Government Accountability Office, Refundable Tax Credits: Comprehensive Compliance Strategy and Expanded Use of Data Could Strengthen IRS's Efforts to Address Noncompliance (GAO- 16-475):
The Earned Income Tax Credit (EITC), the Additional Child Tax Credit (ACTC), and the American Opportunity Tax Credit (AOTC) provide tax benefits to millions of taxpayers—many of whom are low-income—who are working, raising children, or pursuing higher education. These credits are refundable in that, in addition to offsetting tax liability, any excess credit over the tax liability is refunded to the taxpayer. In 2013, the most recent year available, taxpayers claimed $68.1 billion of the EITC, $55.1 billion of the CTC/ACTC, and $17.8 billion of the AOTC.
Eligibility rules for refundable tax credits (RTCs) contribute to compliance burden for taxpayers and administrative costs for the Internal Revenue Service (IRS). These rules are often complex because they must address complicated family relationships and residency arrangements to determine who is a qualifying child. Compliance with the rules is also difficult for IRS to verify due to the lack of available third party data. The relatively high overclaim error rates for these credits (as shown below) are a result, in part, of this complexity. The average dollar amounts overclaimed per year for 2009 to 2011, the most recent years available, are $18.1 billion for the EITC, $6.4 billion for the CTC/ACTC, and $5.0 billion for the AOTC.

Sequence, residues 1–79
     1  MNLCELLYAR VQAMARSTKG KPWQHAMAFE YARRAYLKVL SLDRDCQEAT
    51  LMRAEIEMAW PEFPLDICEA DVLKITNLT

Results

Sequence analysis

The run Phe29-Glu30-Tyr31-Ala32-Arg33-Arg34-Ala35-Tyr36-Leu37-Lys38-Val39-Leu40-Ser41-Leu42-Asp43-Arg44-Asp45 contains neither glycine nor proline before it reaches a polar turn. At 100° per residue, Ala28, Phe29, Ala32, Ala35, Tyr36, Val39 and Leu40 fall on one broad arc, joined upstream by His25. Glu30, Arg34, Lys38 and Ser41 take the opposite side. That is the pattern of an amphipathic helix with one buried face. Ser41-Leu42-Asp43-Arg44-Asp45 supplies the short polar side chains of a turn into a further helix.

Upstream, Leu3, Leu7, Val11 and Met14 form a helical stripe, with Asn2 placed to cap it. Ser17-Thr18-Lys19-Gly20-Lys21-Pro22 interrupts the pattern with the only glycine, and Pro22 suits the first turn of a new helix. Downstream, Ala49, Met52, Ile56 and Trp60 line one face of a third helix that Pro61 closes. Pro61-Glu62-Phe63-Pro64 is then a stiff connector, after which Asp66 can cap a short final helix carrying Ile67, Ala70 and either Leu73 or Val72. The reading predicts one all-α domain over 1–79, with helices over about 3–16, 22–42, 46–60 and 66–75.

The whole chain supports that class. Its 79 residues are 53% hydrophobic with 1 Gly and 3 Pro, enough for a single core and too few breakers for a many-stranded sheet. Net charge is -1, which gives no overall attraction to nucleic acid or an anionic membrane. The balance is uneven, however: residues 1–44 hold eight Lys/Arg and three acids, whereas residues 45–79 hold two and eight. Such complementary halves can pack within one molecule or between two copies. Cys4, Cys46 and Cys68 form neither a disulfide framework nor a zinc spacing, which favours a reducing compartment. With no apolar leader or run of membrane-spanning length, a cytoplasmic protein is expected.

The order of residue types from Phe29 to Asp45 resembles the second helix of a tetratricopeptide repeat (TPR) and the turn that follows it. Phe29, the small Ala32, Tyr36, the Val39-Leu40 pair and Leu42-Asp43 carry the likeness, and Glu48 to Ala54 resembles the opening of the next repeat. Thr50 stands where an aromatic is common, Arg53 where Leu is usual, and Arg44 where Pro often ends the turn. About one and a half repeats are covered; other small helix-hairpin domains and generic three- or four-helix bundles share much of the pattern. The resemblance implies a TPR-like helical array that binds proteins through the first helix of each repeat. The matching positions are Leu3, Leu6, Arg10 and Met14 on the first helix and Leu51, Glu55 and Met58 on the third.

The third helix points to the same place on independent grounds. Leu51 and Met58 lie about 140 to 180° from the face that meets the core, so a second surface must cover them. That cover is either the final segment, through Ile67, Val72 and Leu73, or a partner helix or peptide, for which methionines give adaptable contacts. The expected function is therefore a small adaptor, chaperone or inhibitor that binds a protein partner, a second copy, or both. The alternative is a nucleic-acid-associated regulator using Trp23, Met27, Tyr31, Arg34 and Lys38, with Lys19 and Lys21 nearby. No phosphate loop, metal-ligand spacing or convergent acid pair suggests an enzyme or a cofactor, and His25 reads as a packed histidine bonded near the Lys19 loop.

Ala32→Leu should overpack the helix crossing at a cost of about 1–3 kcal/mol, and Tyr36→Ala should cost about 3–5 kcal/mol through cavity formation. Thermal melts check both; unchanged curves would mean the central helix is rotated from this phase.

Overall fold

IRS uses audits and automated filters to detect errors before a refund is sent, and it uses education campaigns and other methods to address RTC noncompliance. IRS is working on a strategy to address EITC noncompliance but this strategy does not include the other RTCs. Without a comprehensive compliance strategy that includes all RTCs, IRS may be limited in its ability to assess and improve resource allocations. A lack of reliable collections data also hampers IRS's ability to assess allocation decisions. IRS is also missing opportunities to use available data to identify potential noncompliance. For example, tracking the number of returns erroneously claiming the ACTC and AOTC and evaluating the usefulness of certain third party data on educational institutions could help IRS identify common errors and detect noncompliance.
Proposals to change the design of RTCs--such as changing eligibility rules--will involve trade-offs in effectiveness, efficiency, equity, and simplicity.